408. therefore, very soon in a capacity to take the field either barian auxiliaries were now, in fact, become the standing as the enemy or as the ally of Honorius. In virtue of army of the Empire; and nothing seemed wanting to the office which he held under the Eastern Empire, as complete the extinction of the Roman name, but the Master-General of the further Illyricum, he was entitled elevation of a Gothic Prince to the throne of Augustus, to maintain a considerable military force; and as his Perhaps it was the fear of this disgraceful result, which secret object was to extend his power on both sides of excited against the Minister that suspicion or hatred the Adriatic, it seems to have been to him a matter of which soon afterwards terminated in the loss of his the utmost indifference whether he should begin by influence and of his life. His authority was gradually attacking the Sovereign of Ravenna, or his feeble brother undermined in the Palace by the crafty measures of at Constantinople. Stilicho, who joined to the expe- Olympius, who irritated the pride and alarmed the fears rience of a warrior the penetration and wisdom of a of Honorius, by representing to him that the absolute consummate politician, determined to gain the Gothic rule, exercised by his father-in-law, diminished the King, by raising him to an honourable station in Italy, splendour of the Imperial dignity, and was, probably,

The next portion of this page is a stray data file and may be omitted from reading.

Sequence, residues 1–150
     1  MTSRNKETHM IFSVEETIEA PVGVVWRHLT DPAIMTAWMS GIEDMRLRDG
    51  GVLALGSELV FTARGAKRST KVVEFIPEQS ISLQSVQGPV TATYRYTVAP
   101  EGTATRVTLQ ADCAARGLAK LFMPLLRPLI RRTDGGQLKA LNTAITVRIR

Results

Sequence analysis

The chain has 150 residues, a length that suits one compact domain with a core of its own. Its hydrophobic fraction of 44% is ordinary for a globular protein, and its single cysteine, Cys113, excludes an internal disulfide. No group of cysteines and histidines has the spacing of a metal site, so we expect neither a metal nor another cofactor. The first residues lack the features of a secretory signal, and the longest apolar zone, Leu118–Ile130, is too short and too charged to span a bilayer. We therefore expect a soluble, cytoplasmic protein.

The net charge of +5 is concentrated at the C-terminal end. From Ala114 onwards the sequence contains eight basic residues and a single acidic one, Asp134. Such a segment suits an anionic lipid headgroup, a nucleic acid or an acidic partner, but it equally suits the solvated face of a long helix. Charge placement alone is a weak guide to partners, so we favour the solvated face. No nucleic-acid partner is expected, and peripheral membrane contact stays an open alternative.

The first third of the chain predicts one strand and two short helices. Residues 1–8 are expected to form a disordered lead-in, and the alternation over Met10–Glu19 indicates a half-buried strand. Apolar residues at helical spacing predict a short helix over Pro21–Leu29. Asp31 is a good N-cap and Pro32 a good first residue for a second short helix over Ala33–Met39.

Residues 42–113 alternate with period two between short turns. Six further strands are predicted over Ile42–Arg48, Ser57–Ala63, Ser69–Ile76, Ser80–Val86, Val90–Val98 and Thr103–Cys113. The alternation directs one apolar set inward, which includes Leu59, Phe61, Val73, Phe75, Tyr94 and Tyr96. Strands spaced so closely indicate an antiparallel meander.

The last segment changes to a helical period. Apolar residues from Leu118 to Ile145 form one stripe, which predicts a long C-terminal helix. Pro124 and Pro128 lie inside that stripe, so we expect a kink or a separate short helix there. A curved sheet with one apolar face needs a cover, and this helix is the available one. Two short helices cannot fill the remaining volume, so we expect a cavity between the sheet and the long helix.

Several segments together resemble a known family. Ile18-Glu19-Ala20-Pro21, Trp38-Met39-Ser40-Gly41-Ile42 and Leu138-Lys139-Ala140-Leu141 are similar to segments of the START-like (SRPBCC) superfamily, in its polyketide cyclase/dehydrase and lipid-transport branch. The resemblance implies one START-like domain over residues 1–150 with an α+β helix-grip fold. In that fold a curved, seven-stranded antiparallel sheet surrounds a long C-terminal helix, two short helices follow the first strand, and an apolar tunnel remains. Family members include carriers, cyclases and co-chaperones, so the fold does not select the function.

and by pointing out a profitable employment for his meant to pave the way, on the part of the General, for 1: zzprinted arms. Alaric was accordingly nominated to the chief the assumption of a title of which he had long enjoyed